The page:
On March 18, 2015, I had the opportunity to spend about 40 minutes chatting on Skype with Greg Johnson, one of the creators of the ToeJam & Earl franchise. We mostly talked about the original ToeJam & Earl game, but we also brought up the more recent ToeJam & Earl: Back in the Groove (which was funded on Kickstarter in March of 2015), and Doki Doki Universe, which Johnson also created. It was an incredibly interesting conversation, in which we explored racism, drug references, linguistics, and more. Read on for the full interview.
Josh: Since you announced this [ToeJam & Earl: Back in the Groove‘s Kickstarter campaign], there’s been so much enthusiasm. It seems like it’s almost coming out of the woodwork probably. Did that all surprise you that people are still so interested in the IP?
Greg: Yes and no. It didn’t surprise me in general because I’ve been getting emails from people constantly over the last couple decades. I should say Mark [Voorsanger, co-creator of ToeJam & Earl] and I have been getting emails, you know. I just didn’t know what the extent or magnitude of it was. That’s the part that surprised me. It just sort of bowled me over. I wasn’t ready for that.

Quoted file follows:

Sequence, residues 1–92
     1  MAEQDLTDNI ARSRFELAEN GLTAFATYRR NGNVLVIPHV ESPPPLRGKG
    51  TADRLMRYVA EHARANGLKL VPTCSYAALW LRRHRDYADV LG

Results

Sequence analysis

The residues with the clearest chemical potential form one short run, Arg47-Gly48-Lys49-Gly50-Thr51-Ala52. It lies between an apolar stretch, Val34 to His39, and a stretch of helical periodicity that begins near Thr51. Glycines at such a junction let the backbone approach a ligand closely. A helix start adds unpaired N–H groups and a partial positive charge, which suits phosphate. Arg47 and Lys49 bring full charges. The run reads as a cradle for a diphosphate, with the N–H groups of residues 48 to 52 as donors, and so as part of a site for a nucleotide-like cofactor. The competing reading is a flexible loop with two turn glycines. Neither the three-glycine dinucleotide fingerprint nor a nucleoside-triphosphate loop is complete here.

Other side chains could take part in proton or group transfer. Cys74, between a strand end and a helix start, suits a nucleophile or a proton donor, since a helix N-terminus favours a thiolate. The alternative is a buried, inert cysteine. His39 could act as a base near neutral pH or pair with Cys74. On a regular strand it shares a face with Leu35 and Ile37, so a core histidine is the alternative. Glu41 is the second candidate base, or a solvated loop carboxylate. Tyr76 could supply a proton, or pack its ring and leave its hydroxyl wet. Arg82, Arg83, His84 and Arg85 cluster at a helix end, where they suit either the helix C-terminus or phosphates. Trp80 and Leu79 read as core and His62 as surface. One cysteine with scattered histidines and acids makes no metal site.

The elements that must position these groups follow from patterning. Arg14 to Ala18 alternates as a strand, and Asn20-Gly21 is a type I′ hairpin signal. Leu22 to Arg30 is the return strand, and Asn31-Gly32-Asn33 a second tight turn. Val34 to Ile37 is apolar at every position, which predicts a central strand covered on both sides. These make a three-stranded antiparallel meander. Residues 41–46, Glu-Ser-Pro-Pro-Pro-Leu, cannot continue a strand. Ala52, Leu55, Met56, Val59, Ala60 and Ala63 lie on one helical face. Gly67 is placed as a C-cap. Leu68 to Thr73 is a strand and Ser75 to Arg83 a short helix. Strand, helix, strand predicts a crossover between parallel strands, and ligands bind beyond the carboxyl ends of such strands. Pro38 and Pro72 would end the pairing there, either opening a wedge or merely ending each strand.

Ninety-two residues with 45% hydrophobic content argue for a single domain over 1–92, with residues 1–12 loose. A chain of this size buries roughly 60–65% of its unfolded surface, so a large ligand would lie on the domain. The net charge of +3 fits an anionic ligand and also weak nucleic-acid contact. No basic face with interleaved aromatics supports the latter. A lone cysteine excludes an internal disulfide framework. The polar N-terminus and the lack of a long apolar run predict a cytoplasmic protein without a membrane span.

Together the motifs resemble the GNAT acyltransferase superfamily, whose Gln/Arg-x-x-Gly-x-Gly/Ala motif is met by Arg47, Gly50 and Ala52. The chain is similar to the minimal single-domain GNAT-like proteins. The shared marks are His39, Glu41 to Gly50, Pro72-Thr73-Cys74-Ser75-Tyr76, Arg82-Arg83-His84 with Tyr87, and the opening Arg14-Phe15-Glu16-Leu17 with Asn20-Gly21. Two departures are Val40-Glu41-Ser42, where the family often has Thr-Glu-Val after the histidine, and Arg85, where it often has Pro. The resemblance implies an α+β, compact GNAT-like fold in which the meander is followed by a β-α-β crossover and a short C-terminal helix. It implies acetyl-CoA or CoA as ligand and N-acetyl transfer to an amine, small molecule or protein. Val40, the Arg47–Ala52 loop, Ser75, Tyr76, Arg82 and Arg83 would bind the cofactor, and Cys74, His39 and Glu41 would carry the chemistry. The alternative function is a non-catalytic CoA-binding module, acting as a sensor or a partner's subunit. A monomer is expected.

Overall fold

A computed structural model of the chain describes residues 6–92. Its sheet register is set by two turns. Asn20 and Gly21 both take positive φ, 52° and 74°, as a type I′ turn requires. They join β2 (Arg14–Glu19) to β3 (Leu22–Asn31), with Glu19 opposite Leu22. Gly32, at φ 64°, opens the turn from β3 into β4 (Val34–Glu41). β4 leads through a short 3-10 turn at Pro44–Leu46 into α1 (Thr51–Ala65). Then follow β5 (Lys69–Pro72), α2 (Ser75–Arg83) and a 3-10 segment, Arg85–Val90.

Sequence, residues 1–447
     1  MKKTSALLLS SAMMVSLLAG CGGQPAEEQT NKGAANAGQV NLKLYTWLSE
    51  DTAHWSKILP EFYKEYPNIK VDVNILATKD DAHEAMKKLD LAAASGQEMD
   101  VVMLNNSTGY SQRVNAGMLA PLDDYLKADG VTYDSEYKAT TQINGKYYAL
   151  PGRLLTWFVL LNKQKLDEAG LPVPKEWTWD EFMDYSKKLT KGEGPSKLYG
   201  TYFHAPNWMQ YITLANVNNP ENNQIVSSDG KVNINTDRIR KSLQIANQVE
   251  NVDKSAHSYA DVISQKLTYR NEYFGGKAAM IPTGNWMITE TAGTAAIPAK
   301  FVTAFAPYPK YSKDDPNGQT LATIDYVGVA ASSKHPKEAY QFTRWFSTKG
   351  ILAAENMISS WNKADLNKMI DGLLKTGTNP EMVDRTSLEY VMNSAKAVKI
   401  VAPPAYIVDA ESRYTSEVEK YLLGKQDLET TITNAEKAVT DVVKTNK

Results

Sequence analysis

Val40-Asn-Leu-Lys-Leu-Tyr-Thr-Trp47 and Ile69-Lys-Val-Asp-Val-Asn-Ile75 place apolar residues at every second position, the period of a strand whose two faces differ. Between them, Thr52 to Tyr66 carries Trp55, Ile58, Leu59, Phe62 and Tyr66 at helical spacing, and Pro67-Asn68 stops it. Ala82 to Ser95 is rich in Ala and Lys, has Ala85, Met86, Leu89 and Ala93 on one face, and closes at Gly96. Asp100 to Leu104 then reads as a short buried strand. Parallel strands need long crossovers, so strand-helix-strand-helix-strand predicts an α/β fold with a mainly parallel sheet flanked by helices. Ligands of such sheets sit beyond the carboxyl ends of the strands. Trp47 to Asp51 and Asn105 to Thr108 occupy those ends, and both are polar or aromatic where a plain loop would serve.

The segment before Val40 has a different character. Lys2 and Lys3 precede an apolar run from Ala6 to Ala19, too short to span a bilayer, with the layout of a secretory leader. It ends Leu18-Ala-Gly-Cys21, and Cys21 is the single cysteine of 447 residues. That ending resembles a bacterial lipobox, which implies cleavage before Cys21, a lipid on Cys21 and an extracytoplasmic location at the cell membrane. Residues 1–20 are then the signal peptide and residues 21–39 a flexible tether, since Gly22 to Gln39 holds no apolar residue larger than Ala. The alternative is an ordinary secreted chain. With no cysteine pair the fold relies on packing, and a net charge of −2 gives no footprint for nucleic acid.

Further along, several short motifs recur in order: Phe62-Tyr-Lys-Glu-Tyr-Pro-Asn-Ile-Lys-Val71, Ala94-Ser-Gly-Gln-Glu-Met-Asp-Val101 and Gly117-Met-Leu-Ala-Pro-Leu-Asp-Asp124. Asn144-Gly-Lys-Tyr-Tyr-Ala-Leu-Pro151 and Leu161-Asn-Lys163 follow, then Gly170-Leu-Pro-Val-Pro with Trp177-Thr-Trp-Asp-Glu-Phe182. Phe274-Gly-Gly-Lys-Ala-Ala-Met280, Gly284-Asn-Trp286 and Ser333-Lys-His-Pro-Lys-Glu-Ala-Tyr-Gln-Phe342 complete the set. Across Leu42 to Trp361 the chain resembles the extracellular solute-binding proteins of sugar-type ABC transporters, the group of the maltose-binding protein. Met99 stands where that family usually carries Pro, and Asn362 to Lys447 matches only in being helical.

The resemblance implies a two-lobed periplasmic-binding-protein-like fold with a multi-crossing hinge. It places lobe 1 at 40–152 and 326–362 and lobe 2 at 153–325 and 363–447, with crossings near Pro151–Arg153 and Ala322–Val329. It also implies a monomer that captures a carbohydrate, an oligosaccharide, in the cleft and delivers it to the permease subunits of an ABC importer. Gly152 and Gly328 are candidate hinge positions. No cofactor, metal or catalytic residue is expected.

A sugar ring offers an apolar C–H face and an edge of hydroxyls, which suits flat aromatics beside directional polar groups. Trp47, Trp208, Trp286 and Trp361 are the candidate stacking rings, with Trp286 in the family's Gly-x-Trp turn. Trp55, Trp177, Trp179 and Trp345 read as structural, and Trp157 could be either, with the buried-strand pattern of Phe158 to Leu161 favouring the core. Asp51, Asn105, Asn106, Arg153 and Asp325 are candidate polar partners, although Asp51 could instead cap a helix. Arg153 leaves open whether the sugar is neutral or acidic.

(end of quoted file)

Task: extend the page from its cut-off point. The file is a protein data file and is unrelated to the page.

Josh: You were talking with Game Informer… about how so many people have these really deep personal stories about they relate to the game — just hearing those sorts of things must be really incredible. [The Game Informer interview can be found here, but it turns out I was confusing that with the interview Greg did with IGN, which is here.]
Greg: It really is. I don’t know that it’s really necessarily a virtue of the ToeJam & Earl game itself. You know, I think a lot of people have personal stories that revolve around different games or books or movies or things that have some sort of special meaning for them, but I think there are probably some certain qualities about the ToeJam & Earl game and the time that it came out that made it a little more likely than some other games to connect with people, or maybe more importantly, facilitate connections between people.
It’s been very eye-opening for me and for the other members of the team. And Mark as well. But I’m the one that’s kind of getting it mostly directed at me. It’s all being funneled right at me, so I’m sort of standing in front of the love hose in a way, you know? [Laughter] I think I’m getting the full-on effect, and it’s hard not to be affected by that. In a really good way.
Josh: I know you were hugely inspired by Rogue back in the day, but what other media would you say inspired the original ToeJam & Earl?
Greg: The gameplay itself was really all Rogue, but ToeJam & Earl is more than just game mechanics…
Honestly it’s kind of hard to think back that far, that’s just an awful long time ago, you know. When was this? Like, late-1980s and early 90s?